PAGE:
Thanks to the Electric Cooperative Crew

This essay originally appeared as a “Roughneck Grace” column in the Wisconsin State Journal. More columns here.

The local electric cooperative did us a big favor this week, removing the overhead lines that run from our house down through a steep wooded ravine and replacing them with buried cables. I doubt this was the biggest project of their year, but it was big to us, and we sure appreciate it.

I don’t know what the cooperative records would show, but on average over the fourteen years we’ve lived here it seems the power has gone out a couple times each of those years, and more often than not the trouble can be traced to the lines running that ravine. A branch separates from a storm-whipped tree, and off go the lights.

When you plug in the toaster at our house you are tapping the terminal end of the line, juice-wise. There are no other homes down hooked in beyond ours. This meant whenever the power did go out, we had to call, because it could be just us. I always feel bad calling because I assume the crews are already being bombarded and we know they’ll get to us as soon as they can, but if it’s just us in the dark, how will they know?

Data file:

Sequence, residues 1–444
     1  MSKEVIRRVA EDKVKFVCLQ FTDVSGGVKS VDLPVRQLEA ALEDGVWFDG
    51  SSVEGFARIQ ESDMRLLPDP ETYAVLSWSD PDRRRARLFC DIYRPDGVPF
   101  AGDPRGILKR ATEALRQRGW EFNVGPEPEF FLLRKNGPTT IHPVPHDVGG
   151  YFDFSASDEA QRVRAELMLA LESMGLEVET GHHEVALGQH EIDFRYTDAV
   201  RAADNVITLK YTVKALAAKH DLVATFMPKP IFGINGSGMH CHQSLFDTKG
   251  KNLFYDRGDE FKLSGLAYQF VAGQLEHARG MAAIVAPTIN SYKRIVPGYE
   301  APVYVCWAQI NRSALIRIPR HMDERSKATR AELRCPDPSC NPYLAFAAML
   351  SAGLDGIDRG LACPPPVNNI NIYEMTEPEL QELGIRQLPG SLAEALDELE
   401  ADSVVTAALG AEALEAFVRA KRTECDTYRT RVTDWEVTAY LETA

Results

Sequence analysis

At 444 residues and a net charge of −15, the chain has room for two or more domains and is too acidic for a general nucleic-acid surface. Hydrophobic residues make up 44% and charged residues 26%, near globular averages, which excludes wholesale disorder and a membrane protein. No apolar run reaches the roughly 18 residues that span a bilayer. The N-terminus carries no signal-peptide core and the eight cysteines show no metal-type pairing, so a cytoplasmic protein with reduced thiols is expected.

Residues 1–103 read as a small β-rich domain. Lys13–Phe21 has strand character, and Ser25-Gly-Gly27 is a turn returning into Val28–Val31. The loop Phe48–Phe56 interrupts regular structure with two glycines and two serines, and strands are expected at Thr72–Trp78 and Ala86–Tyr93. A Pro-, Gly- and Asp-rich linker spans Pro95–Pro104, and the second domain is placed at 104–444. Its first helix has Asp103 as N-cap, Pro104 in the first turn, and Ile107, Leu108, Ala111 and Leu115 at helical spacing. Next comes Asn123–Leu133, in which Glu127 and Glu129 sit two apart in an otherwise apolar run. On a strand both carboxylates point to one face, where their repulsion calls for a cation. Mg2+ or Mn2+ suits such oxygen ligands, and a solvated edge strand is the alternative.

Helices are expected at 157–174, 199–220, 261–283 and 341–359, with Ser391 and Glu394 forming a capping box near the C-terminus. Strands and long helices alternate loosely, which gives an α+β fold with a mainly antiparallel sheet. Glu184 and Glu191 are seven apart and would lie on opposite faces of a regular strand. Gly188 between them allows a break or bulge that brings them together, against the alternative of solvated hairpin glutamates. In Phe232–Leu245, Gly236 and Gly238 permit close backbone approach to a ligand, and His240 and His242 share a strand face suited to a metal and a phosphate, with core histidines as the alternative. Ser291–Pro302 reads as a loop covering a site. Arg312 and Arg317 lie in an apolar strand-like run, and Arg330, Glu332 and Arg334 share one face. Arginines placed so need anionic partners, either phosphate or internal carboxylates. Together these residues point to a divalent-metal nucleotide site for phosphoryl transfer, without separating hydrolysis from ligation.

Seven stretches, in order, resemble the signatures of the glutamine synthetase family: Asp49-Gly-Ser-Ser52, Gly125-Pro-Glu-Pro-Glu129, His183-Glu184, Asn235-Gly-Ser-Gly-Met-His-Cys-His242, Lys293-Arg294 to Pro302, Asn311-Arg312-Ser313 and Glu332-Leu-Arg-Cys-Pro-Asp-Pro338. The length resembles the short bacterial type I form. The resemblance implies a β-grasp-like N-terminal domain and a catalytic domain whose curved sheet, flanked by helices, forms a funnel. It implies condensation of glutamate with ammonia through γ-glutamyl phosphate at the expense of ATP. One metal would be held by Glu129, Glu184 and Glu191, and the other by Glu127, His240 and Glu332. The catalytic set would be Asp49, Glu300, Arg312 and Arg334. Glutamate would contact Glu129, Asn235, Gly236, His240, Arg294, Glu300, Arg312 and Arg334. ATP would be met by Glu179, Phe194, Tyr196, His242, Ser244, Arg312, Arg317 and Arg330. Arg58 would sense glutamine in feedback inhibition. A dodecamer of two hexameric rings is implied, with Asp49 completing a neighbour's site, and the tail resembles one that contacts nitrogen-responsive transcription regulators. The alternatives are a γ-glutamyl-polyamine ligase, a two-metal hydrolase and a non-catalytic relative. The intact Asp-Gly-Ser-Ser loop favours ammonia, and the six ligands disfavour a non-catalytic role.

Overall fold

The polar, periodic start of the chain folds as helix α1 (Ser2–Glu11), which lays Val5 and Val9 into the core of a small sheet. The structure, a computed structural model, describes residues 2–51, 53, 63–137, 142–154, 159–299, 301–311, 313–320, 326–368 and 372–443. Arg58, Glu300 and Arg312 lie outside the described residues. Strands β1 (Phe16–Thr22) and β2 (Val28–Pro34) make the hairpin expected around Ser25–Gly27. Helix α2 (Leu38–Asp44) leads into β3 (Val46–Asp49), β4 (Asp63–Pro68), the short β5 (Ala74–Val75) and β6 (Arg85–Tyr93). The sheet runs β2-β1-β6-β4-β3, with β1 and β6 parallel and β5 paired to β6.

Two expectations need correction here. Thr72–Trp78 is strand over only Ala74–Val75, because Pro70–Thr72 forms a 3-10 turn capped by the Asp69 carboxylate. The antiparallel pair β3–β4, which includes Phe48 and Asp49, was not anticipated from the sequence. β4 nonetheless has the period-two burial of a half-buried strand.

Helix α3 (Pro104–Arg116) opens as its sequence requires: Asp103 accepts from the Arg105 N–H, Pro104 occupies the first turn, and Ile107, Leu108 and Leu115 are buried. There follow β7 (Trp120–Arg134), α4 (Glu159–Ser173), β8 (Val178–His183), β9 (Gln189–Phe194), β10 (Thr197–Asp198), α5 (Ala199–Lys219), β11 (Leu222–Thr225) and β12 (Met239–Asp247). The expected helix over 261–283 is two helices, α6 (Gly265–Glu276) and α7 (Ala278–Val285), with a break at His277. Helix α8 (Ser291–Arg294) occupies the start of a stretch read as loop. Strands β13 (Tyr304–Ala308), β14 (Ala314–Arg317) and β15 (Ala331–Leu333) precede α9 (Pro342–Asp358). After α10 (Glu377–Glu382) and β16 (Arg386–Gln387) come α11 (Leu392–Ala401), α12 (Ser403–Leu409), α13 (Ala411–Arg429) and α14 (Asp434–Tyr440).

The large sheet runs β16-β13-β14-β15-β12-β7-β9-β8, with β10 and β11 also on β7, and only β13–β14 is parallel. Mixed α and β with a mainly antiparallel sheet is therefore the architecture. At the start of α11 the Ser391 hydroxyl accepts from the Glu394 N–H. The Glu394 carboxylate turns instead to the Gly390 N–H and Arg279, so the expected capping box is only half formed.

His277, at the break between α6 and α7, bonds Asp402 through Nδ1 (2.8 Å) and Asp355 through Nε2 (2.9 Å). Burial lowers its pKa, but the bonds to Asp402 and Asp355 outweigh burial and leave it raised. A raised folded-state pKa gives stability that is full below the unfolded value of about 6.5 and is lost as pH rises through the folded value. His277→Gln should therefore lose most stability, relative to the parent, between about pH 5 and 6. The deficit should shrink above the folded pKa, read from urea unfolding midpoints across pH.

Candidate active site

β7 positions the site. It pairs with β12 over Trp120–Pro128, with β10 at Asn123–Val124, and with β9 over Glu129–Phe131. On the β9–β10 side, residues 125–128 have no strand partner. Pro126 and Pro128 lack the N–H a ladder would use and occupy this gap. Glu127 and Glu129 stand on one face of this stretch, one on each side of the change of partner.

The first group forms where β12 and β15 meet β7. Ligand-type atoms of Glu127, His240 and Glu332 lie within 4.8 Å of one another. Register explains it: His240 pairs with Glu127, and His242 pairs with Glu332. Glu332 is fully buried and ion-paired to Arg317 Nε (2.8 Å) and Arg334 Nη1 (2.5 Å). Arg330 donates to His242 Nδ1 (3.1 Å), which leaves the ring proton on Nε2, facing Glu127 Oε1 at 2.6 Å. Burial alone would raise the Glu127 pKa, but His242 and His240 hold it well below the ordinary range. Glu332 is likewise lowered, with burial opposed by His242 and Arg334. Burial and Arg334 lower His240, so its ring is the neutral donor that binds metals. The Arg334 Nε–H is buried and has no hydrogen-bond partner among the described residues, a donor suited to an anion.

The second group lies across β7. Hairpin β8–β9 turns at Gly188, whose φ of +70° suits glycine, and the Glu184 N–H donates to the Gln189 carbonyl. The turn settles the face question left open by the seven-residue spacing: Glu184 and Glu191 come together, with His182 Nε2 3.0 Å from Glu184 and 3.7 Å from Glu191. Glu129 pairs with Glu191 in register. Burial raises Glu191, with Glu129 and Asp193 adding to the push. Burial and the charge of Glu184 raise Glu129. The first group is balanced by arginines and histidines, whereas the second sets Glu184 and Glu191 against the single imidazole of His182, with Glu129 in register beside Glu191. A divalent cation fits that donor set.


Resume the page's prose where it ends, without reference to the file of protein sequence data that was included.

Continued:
Just now as I’m writing this I realize it’s no longer 1969 and the co-op probably knows the power is off before we touch the phone.

Last year I decided it was time to buy a generator in case one of these outages lasted longer than usual. (You will note it took me over a decade to draw this conclusion—draw your own conclusions.) There was, as the saying goes, “some assembly required.” I strategically situated the box in the garage so I’d have to look at it every time I got in the van and be reminded to conduct said assembly.

Which is to say when the power went out three months later I knew exactly where to find the box and start assembling like sixty because there was about an hour of daylight left before I’d be working with a flashlight in my teeth.

At the very cusp of dusk I tightened the last nut, topped the tank, and yanked the starter cord. The generator came to life, and my daughter—who had been handing me wrenches—tapped me excitedly on the shoulder. “Neat, right?” I said, as usual unduly proud of the simplest mechanic achievement. Then I noticed she was pointing toward the house, which was glowing with incandescent light. The power was back on. She giggled at my impeccable timing, and I joined her.

With the new wires tucked safely into the dirt, we shouldn’t need that generator as often as anticipated. And that’s just fine. My wife and I stopped down to thank the crew and tell them we appreciated what they were doing. “We appreciate it,” said one of the hard hats, chuckling and nodding toward the ravine they’d come to know all too well over the years, usually during the most inclement of conditions. “Every time your address popped up, we knew what we were in for.” Now everyone chuckled and nodded, and for just a moment in this tangled world two perspectives converged, and if I’m making a big deal out of a little deal, I feel the same when I flip a switch and light pours forth.

Michael Perry grew up on a northwestern Wisconsin farm with a Willie Wiredhand sign at the end of the driveway.

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